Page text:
California Coronavirus Deaths: The Toll on Hispanic Americans

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I keep on replaying over and over, ” she said. “What did I say, what did I do? Could I have done something different? If I have turned the car around and went to the E.R. Myself to say Why are you sending him home? ’”

Mr. Ruby spent the next few days at home sleeping. He refused food, and Ms. Herrera, who was starting to recover from her own bout with the virus, tried to make sure he stayed hydrated.

When Mr. Fernandez, his cousin, was texted to ask how he was, Mr. Ruby responded with one word: Tired. ”

On Dec. 8, Mr. Ruby’s skin started to turn blue, and Ms. Herrera called an ambulance. This time, the hospital confessed. A couple of days afterwards, Mr. Ruby seemed to rally. But then he took a turn for the worse and was told that he would be put on a ventilator.

He told Ms. Herrera on the phone that he was scared.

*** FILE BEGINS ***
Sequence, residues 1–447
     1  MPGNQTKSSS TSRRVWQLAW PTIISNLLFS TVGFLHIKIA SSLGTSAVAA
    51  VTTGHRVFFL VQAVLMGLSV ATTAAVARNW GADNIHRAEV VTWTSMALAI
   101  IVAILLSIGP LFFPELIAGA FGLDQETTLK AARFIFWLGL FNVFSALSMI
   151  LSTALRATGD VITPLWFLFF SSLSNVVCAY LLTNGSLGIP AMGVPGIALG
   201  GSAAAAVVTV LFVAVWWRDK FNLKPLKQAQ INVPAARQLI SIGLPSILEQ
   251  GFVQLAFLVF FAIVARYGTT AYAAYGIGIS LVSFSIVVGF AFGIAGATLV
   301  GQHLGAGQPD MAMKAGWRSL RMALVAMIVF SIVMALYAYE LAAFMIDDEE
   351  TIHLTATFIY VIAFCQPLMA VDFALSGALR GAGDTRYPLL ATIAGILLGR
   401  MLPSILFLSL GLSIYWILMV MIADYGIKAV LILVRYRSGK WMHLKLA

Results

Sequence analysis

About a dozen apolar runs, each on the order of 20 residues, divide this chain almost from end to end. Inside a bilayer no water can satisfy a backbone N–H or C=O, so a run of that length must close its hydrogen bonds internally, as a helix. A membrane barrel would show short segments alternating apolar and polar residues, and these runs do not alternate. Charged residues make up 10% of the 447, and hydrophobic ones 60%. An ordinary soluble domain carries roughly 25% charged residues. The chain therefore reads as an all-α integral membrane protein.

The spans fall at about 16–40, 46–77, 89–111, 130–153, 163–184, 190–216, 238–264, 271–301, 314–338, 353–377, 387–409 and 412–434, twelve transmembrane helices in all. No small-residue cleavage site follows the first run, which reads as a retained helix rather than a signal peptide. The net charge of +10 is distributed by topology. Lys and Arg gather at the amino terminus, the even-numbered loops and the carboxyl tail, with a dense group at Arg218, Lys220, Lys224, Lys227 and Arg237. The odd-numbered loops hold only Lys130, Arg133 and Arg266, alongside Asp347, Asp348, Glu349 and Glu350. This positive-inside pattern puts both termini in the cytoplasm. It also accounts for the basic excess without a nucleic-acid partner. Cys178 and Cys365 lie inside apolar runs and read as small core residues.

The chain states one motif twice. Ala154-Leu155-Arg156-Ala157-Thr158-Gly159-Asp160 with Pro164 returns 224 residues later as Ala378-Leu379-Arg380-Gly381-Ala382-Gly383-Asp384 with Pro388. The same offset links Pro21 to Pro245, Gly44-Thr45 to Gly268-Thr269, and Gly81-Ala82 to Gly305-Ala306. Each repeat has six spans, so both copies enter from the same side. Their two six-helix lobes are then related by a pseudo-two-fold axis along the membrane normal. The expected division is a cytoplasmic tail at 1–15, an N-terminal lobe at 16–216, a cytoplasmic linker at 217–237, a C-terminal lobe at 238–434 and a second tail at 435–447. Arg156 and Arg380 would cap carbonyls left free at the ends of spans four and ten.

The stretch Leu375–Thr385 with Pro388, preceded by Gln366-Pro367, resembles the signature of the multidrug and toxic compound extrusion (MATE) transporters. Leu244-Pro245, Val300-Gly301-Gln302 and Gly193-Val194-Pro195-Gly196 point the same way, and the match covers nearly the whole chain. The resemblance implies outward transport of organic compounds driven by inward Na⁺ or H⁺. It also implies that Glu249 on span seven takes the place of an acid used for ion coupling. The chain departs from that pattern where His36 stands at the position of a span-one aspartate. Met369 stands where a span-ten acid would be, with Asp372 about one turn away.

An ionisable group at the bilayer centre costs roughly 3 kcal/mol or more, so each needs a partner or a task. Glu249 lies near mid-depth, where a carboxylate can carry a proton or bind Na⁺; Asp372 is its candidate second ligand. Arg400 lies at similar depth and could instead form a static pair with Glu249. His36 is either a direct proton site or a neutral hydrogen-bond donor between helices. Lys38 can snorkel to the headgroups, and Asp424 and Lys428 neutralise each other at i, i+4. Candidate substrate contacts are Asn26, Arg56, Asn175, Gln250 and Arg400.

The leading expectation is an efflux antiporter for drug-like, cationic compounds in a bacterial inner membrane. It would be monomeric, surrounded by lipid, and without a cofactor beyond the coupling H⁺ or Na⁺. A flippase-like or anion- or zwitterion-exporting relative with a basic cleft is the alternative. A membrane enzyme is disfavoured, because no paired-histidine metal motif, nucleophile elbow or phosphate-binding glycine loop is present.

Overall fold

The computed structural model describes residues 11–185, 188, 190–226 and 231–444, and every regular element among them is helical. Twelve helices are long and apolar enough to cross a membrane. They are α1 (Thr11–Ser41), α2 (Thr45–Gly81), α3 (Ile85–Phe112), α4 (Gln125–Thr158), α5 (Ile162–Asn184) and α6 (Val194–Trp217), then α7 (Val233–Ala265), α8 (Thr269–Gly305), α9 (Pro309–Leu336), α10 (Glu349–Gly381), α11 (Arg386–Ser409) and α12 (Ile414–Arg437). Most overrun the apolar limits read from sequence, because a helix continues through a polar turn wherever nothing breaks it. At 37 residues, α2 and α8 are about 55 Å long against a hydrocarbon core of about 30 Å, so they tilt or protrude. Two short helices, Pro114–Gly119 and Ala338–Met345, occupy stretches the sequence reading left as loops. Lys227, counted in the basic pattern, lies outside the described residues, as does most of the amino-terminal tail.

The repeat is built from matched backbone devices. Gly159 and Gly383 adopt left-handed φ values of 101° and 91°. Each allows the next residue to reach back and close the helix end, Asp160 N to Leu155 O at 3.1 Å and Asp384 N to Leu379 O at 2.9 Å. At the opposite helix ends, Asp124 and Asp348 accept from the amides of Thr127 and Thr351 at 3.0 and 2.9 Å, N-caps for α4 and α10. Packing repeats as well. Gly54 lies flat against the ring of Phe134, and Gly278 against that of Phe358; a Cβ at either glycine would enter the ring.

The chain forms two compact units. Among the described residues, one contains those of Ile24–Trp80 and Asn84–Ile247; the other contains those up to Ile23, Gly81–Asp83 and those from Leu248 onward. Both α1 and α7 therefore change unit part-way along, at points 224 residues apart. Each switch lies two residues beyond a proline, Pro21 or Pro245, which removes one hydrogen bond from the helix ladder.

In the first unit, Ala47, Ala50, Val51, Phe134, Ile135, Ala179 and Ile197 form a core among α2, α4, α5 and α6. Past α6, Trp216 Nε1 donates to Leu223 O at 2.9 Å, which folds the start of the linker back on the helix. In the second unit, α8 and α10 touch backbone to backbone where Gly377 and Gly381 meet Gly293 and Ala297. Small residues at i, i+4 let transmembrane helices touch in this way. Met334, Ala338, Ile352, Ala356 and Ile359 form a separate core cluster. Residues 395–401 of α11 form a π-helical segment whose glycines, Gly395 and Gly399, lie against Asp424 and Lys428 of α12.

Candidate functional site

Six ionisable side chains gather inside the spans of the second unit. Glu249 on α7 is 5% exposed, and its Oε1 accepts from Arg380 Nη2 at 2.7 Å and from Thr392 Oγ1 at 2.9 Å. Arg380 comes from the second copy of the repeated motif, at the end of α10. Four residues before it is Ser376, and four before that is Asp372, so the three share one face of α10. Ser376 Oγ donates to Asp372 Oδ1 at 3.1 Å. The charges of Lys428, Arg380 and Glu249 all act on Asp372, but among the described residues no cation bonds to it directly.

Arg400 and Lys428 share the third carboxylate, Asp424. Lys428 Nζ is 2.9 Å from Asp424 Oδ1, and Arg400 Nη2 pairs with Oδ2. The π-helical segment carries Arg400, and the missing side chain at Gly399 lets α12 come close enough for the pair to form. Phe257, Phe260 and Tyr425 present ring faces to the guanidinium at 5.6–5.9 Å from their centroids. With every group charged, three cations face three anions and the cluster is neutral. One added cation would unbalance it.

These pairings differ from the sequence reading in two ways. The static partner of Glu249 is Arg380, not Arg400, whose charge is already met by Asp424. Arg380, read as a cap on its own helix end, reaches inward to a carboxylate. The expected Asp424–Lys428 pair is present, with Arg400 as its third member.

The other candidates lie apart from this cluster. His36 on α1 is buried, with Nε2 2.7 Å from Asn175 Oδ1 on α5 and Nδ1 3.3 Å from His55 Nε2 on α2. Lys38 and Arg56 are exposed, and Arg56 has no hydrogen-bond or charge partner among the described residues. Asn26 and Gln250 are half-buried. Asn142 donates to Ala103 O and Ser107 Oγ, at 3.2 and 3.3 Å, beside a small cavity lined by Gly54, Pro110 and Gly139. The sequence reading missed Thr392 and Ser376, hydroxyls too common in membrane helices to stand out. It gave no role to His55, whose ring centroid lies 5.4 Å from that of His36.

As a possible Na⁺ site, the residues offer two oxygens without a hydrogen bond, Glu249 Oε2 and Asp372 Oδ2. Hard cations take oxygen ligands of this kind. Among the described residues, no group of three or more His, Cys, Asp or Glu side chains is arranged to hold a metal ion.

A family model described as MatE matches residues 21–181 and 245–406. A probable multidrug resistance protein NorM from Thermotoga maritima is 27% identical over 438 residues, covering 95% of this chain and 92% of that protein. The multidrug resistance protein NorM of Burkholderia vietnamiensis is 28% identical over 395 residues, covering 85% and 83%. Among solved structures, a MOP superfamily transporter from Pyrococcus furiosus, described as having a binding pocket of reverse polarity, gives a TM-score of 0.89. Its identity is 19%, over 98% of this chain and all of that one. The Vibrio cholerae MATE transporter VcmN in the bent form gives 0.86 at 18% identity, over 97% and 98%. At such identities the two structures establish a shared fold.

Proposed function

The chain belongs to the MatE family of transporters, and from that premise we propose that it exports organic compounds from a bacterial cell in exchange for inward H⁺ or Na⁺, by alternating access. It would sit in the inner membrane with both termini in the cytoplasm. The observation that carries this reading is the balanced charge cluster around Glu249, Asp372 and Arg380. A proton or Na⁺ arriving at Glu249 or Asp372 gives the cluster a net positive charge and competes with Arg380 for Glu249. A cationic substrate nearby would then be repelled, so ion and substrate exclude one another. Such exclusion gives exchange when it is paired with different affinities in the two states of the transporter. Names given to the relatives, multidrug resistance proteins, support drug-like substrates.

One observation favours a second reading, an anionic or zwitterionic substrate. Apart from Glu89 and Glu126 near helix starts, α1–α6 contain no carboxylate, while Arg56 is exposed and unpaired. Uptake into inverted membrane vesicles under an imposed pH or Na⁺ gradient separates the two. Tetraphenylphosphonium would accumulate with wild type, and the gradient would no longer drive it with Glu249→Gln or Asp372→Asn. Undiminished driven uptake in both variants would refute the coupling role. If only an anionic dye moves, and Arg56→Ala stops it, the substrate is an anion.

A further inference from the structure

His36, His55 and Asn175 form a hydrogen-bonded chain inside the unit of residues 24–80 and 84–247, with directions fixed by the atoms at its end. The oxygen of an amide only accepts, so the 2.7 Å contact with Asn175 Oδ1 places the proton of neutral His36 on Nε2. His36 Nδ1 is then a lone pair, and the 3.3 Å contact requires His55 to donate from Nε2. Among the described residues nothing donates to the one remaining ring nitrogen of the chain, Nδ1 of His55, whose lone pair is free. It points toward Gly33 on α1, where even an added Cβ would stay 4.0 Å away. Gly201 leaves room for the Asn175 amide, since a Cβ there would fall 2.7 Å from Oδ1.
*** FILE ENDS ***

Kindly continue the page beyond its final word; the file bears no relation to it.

I just kept reminding him, Youre going to come home, youre going to be OK, and when its time, well laugh about it, she explained. He died on Jan. 16.

The family’s despair metastasized into accusations and guilt. Some of Mr. Ruby’s family members blamed Ms. Herrera, saying she should have gotten him help earlier. Mr. Fernandez blames the hospital, saying E.R. Physicians should never have sent Mr. Ruby home when he sought help.

There was bickering over contributions raised to help the family get through the crisis, and relationships have frayed. Life will never be the same for anyone in the extended family.

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